These days, 150 years after his death in 1870, it is nearly impossible for a week to go by without coming across some reference to Dickens in a news article, movie review, magazine essay, or crossword puzzle clue. The adjective “Dickensian” has entered common parlance throughout the English-speaking world as a way of characterizing certain kinds of people, places, and social problems. Film, television, and theatrical versions of Dickens’s novels continue to appear with surprising frequency, most recently the 2019 film adaptation of David Copperfield, directed by Armando Ianucci and featuring a multi-racial cast. Dickens, it seems, is still very much alive in 2020. In his UCSC Alumni Association talk, Professor John Jordan speculates about the reasons for Dickens’s enduring afterlife and explores some of the ways in which Dickens remains important and relevant for 21 st -century audiences.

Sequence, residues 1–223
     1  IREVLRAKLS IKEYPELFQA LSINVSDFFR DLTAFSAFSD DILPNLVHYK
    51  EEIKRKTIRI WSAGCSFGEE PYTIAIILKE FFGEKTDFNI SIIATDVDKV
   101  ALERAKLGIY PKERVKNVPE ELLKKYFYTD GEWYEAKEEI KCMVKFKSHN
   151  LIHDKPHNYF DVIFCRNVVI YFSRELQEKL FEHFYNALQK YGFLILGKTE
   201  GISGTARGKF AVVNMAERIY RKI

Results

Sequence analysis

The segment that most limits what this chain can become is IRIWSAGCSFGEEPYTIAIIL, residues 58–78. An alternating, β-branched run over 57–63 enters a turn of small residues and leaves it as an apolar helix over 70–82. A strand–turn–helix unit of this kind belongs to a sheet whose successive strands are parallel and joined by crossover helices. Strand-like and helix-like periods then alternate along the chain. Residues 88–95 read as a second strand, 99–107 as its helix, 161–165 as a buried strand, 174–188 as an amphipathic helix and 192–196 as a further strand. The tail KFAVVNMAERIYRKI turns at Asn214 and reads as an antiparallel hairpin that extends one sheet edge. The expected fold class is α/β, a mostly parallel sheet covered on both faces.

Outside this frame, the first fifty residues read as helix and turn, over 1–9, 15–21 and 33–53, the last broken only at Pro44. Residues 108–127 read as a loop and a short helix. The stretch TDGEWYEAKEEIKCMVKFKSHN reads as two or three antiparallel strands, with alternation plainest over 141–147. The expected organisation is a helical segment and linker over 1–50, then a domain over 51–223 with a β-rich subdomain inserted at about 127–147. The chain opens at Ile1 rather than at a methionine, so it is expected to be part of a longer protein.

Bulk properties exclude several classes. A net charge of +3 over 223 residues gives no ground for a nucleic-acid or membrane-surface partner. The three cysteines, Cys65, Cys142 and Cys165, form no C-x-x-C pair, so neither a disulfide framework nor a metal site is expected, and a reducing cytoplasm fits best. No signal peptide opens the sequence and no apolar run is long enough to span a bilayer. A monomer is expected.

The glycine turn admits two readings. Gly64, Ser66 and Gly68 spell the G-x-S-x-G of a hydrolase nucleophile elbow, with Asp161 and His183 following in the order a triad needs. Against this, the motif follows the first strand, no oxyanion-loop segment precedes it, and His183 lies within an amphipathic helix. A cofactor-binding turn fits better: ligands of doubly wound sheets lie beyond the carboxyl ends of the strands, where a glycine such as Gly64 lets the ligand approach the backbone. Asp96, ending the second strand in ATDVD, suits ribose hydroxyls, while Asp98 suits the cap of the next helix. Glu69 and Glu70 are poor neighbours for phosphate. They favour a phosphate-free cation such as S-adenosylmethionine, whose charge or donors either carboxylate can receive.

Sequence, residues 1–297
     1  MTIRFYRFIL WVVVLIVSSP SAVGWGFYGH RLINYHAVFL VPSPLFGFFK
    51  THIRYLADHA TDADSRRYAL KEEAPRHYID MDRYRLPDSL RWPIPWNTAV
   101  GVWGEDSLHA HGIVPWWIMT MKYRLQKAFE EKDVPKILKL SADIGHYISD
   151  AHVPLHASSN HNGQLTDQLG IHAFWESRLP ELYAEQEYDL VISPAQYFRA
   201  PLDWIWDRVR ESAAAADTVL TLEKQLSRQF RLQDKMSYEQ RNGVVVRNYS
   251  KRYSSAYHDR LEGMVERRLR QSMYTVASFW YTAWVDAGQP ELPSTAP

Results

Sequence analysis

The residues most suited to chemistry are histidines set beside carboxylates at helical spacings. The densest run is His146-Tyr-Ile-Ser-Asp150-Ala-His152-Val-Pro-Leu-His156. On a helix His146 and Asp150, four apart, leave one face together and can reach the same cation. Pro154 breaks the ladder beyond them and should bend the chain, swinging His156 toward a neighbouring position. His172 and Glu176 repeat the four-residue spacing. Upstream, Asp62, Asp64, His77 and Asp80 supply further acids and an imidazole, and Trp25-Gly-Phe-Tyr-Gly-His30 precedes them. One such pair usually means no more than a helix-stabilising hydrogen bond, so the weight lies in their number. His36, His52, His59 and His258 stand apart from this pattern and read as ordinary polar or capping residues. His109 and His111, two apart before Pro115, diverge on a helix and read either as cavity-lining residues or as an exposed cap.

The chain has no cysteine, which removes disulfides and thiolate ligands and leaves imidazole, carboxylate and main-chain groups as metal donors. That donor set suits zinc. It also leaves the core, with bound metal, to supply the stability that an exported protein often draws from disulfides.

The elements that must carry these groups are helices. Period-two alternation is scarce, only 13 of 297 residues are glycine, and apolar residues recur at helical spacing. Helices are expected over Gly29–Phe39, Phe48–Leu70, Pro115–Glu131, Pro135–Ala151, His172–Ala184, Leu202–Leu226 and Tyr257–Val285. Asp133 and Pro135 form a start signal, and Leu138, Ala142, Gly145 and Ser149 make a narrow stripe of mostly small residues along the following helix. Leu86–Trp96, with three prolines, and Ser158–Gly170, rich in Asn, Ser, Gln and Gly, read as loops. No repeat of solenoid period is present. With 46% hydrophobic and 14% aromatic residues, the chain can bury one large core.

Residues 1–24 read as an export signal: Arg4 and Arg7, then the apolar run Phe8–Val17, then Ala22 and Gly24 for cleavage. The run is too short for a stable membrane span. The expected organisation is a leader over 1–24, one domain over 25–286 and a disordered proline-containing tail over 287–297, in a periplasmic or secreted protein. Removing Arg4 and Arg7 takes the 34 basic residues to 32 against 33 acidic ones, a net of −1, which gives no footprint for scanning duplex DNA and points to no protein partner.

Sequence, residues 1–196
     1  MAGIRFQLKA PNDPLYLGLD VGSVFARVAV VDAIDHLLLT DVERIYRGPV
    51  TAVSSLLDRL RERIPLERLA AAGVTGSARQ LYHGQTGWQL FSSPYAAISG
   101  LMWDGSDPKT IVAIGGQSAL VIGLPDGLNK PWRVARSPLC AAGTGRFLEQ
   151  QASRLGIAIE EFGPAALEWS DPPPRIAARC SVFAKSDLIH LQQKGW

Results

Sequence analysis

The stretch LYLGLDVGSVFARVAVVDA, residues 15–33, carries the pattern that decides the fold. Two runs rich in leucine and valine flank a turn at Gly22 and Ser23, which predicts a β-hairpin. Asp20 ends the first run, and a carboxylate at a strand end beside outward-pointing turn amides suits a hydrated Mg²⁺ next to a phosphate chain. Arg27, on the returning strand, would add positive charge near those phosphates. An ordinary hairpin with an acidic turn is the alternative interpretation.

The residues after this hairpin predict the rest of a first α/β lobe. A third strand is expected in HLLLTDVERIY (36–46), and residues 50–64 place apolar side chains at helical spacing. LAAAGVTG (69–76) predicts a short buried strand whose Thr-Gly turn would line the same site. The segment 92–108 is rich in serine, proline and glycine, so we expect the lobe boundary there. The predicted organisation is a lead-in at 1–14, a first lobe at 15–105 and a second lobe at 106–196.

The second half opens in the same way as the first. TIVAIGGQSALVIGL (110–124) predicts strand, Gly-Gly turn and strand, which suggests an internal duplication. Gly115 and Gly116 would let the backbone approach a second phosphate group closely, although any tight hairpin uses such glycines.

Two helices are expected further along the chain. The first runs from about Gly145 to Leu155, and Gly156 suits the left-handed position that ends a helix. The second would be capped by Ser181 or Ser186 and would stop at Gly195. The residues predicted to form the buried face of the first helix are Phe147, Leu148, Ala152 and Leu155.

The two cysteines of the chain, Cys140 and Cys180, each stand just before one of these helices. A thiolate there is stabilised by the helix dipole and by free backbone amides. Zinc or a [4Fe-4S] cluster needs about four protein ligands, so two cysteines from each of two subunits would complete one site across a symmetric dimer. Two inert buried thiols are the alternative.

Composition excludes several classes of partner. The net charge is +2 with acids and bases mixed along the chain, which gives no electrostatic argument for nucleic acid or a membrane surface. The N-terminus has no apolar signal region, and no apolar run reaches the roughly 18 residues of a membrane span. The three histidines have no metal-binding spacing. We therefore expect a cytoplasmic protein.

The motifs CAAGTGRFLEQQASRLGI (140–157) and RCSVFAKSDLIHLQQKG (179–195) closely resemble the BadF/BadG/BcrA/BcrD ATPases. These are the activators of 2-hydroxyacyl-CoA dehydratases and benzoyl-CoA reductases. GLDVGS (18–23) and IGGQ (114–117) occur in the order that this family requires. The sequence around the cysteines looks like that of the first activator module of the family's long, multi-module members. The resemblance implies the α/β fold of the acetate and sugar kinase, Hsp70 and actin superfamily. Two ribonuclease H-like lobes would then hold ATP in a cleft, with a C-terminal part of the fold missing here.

John Jordan is a Research Professor of Literature at UCSC and Director of the Dickens Project, an international multi-campus research consortium headquartered at Santa Cruz. He has edited or co-edited several books on Dickens and is the author of Supposing Bleak House (2010).